tornadoes, which come up with great rapidity.

So far we had encountered very few other vessels,
one of them being a large Congo steamer carrying no
passengers, but serving exclusively for the transport
of building materials for the new Upper Congo railway.
Early the following day we passed M'ponya, and left


the " chenal " behind us ; the latter is certainly the
most picturesque part of the Congo, and we were
never tired of watching the changing landscapes flitting
by on each bank.

The river here attains a width of about three miles,
but immediately below the large Belgian station of
Bolobo we entered a labyrinth of islands which rendered
any further estimation of its width impossible. The
Congo breaks up into a network of canals, which
can be distinguished only by experienced river pilots.
At noon on the 27th of October we passed the mouth
of the Alima, which to us seemed exactly like the
numerous deep, silent canals on both sides of the

The vegetation is peculiar and quite tropical in
character, the greater part of the islands being covered
with dense, well-nigh impenetrable jungle. The grey-
green parinarium bushes, and the monotonous alcorneae
with their dull poplar-like leaves bear a certain resem-
blance to European shrubs ; but the dark copal trees
and the tough rotang lianas enveloping everything
with their whip-like strands and graceful fronds as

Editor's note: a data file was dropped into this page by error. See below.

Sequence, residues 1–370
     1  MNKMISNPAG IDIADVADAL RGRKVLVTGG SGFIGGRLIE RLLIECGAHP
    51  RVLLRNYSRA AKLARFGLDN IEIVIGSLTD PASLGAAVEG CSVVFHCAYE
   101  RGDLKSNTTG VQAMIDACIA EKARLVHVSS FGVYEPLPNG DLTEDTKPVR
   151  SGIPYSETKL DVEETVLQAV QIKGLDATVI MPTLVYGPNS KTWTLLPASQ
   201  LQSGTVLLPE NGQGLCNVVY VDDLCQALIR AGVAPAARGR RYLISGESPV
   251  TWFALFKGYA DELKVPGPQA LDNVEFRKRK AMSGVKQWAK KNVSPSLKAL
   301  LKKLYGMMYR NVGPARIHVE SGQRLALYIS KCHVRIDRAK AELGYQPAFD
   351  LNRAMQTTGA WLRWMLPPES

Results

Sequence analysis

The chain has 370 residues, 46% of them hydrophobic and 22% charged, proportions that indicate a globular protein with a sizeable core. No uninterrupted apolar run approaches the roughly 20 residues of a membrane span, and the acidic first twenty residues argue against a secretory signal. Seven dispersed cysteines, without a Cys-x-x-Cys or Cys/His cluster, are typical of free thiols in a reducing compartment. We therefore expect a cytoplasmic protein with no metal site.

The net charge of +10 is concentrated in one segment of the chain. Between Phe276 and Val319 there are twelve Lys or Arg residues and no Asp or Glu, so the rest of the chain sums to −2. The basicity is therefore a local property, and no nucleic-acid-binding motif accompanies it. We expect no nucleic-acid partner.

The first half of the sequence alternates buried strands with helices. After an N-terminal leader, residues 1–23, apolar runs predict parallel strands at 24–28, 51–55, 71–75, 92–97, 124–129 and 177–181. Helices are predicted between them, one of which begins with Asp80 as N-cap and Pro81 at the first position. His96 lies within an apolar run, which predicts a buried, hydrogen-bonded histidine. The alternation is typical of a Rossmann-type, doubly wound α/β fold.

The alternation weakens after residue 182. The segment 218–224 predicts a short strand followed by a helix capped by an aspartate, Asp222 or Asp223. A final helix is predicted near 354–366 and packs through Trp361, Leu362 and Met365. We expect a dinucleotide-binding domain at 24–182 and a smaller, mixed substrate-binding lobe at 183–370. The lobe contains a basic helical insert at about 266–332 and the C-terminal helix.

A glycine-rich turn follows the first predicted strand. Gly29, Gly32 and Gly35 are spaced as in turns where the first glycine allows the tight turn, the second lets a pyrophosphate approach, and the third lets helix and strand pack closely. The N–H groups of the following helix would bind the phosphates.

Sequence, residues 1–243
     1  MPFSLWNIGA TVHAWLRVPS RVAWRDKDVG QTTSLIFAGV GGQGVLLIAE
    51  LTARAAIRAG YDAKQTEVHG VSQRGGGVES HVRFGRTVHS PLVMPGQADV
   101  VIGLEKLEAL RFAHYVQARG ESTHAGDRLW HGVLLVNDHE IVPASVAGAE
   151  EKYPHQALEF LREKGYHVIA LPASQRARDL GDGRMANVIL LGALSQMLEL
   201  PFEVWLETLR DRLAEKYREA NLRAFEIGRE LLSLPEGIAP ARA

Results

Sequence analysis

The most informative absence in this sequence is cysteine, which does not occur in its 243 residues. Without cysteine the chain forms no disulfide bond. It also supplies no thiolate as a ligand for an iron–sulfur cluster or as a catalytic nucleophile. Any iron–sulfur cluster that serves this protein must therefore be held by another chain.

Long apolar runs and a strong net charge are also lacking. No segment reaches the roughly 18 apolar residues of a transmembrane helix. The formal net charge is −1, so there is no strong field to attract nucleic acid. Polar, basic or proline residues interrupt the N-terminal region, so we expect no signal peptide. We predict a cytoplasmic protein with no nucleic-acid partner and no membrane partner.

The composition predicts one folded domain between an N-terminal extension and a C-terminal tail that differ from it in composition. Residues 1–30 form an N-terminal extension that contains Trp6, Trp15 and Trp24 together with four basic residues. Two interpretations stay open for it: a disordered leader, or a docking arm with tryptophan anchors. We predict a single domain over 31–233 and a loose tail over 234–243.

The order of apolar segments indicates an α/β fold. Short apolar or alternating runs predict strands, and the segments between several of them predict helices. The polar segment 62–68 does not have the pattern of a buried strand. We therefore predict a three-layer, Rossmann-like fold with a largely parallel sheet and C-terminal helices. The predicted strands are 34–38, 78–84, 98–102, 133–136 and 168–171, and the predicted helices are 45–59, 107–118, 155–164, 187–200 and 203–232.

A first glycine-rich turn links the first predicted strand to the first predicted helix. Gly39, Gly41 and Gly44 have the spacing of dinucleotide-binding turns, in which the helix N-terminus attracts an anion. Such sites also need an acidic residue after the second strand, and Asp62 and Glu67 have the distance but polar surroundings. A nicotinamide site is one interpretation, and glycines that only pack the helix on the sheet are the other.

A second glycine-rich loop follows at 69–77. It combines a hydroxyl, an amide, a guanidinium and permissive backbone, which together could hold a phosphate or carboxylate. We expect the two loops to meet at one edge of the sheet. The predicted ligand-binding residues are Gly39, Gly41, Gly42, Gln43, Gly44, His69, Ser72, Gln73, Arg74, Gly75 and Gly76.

they crawl along the ground or climb to the highest
tree-tops, soon dispel the illusion.

Among this maze of islands there are occasional
wide, green patches formed of deceptive, floating
weeds, set in motion by the waves of passing
steamers. These patches give rise to the floating
papyrus islands which may be seen throughout the
Lower Congo, together with the bright green clumps of
Pistia stratiotes.

There was hardly a sign of life in all this district,
but we were told that during the dry season wild
animals are plentiful. In a small village below

95. Basanga women in canoe.

96. Basanga women with leg-rings.





Mokutimpoko, where we spent the night of the 27th
of October, we were shown a large mound composed
of elephant skulls, a dumb but eloquent protest against
the brutal extermination of these animals by man.

The traveller's attention is drawn to the colour of
the Congo, which is deeper than that of any other
African river. The peculiar brown tint of the water
which may be observed at the mouth of this huge